As a background to the invention, electrochemical devices based on solid oxide electrolytes have received, and continue to receive, significant attention. For example, solid state oxygen separation devices have received significant attention for the separation of pure oxygen from air. In addition, electrochemical fuel cell devices are believed to have significant potential for use as power sources. Fuel cell devices are known and used for the direct production of electricity from standard fuel materials including fossil fuels, hydrogen, and the like by converting chemical energy of a fuel into electrical energy. Fuel cells typically include a porous fuel electrode (also referred to as the “anode”), a porous air electrode (also referred to as the “cathode”), and a solid or liquid electrolyte therebetween. In operation, gaseous fuel materials are contacted, typically as a continuous stream, with the anode of the fuel cell system, while an oxidizing gas, for example air or oxygen, is allowed to pass in contact with the cathode of the system. Electrical energy is produced by electrochemical combination of the fuel with the oxidant. Because the fuel cells convert the chemical energy of the fuel directly into electricity without the intermediate thermal and mechanical energy step, their efficiency can be substantially higher than that of conventional methods of power generation.

Solid oxide fuel cells (SOFCs) employing a dense ceramic electrolyte are currently considered as one of the most attractive technologies for electric power generation. In a typical SOFC, a solid electrolyte separates the porous metal-based anode from a porous metal or ceramic cathode. Due to its mechanical, electrical, chemical and thermal characteristics, yttria-stabilized zirconium oxide (YSZ) is currently the electrolyte material most commonly employed. At present, the anode in a typical SOFC is made of nickel-YSZ cermet, and the cathode is typically made of lanthanum manganites, lanthanum ferrites or lanthanum cobaltites. In such a fuel cell, an example of which is shown schematically in FIG. 1, the fuel flowing to the anode reacts with oxide ions to produce electrons and water. The oxygen reacts with the electrons on the cathode surface to form oxide ions that migrate through the electrolyte to the anode. The electrons flow from the anode through an external circuit and then to the cathode. The movement of oxygen ions through the electrolyte maintains overall electrical charge balance, and the flow of electrons in the external circuit provides useful power. Useful fuels for fuel cell power generation include, for example, hydrogen, carbon monoxide, methane and hydrazine.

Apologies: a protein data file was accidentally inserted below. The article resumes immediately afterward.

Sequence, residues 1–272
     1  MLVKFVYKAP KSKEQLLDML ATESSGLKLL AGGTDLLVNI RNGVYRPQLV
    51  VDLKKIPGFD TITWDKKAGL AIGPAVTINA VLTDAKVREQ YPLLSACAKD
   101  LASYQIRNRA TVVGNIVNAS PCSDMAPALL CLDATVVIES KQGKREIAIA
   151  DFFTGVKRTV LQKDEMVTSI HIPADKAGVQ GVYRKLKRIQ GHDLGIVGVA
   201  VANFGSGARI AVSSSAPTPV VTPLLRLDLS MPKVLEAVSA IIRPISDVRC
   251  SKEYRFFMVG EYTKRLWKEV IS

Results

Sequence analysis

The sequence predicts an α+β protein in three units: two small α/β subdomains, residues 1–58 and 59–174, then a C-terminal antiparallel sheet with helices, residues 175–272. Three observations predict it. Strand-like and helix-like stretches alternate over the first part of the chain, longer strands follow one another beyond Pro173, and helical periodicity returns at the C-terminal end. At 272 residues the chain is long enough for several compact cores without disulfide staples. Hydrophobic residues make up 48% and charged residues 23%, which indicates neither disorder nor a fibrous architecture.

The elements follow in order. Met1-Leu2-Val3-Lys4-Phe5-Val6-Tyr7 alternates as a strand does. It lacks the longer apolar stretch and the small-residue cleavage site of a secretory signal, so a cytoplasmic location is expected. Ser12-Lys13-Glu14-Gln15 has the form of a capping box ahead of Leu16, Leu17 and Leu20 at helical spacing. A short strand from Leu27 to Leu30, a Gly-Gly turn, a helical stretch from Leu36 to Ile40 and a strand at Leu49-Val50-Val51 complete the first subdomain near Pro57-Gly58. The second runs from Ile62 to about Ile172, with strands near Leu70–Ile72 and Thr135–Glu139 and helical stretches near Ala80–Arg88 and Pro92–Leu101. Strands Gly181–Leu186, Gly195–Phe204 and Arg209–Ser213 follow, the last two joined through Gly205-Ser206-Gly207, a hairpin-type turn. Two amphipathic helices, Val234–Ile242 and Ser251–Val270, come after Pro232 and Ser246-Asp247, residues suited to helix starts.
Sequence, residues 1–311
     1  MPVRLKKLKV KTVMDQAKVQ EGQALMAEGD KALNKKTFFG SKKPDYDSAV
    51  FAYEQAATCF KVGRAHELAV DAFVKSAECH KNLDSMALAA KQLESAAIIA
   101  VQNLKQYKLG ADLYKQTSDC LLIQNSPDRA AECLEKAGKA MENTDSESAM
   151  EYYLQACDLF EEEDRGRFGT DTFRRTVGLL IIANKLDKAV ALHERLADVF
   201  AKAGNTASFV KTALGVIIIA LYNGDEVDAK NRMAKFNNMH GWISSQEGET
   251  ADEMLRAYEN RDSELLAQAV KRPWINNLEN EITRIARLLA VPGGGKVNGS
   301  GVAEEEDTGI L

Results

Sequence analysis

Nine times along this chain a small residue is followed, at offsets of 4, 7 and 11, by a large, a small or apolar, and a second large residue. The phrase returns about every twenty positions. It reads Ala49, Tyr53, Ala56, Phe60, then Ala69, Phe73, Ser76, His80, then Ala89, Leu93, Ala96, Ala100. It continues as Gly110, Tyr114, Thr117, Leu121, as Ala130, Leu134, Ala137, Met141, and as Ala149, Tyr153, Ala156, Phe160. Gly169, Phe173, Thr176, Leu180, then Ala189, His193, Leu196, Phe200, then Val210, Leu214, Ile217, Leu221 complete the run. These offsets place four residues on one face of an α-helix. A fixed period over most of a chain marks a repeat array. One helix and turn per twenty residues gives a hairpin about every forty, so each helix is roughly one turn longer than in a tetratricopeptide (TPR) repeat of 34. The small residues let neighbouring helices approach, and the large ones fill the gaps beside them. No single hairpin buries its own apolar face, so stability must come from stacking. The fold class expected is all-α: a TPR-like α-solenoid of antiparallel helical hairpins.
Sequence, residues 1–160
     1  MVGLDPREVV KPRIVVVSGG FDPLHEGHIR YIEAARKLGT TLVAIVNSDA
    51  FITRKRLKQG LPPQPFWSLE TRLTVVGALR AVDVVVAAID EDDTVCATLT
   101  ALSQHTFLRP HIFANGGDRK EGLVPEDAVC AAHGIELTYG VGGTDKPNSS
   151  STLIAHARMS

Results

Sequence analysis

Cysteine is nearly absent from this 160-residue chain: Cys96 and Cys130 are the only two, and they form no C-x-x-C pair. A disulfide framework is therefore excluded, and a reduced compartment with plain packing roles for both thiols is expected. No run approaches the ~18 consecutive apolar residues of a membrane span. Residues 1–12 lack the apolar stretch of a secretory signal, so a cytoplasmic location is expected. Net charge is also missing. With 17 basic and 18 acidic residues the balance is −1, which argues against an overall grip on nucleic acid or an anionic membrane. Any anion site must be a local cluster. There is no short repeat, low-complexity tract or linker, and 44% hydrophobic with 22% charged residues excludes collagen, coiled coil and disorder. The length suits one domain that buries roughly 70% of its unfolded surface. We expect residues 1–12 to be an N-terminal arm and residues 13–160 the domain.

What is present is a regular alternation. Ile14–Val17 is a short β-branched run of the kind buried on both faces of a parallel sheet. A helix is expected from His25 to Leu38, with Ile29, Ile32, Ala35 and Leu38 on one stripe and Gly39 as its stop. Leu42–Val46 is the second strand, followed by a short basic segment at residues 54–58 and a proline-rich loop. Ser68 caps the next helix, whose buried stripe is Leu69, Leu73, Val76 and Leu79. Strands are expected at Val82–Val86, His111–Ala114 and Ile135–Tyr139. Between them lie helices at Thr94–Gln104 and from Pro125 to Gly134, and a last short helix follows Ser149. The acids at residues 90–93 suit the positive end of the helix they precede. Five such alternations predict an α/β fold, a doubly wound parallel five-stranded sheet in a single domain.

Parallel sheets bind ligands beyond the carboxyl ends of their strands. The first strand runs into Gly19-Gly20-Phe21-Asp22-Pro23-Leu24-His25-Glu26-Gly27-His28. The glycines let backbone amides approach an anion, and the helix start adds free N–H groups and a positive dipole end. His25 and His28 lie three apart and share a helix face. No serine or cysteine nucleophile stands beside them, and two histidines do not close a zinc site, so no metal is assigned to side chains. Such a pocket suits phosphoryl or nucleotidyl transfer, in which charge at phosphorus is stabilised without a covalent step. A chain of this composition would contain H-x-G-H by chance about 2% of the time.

Because each individual electrochemical cell made of a single anode, a single electrolyte, and a single cathode generates an open circuit voltage of about one volt and each cell is subject to electrode activation polarization losses, electrical resistance losses, and ion mobility resistant losses which reduce its output to even lower voltages at a useful current, a fuel cell assembly comprising a plurality of fuel cell units electrically connected to each other to produce the desired voltage or current is required to generate commercially useful quantities of power.

SOFCs typically operate at high temperatures, such as, for example, 650-1000 C. This allows flexibility in fuel choice and results in suitable fuel-to-electricity and thermal efficiencies; however, high temperatures impose stringent requirements on the materials selection for components of the fuel cell or fuel cell assembly. High operating temperatures also result in large thermal swings when the fuel cell is shut down and allowed to approach room temperature, either intentionally or accidentally. Because the different materials of the fuel cell invariably react differently to thermal cycling, i.e. they exhibit different thermal expansion coefficients; this thermal cycling can cause undesirable stress and lead to fluid leaks or structural breakdown.

Even larger thermal swings might be experienced by portions of the fuel cell during fabrication. For example, it is common to form portions of a fuel cell via a process which entails sintering at high temperatures, for example 1000-1400 C. In order to increase the overall efficiency of the fuel cell is it desirable to reduce the thickness of the electrolyte membrane. This is accomplished by co-sintering the thin (1-15 μm) electrolyte with one of the electrodes as the primary support. Thermal expansion mismatches between the electrolyte and the electrode materials can result in undesirable stresses at material interfaces and/or the development of warping or camber when cooling from these high temperatures. Moreover, it is often desirable or necessary to utilize a series of thermal treatments to fully assembly a fuel cell. For example, an individual cell might be formed by first constructing an electrolyte-anode membrane in the first co-sintering operation. Then a cathode layer is applied to the electrolyte membrane and finished in a second co-sintering step. Alternately the cathode may be fired during the same sintering operation as the anode-electrolyte layers.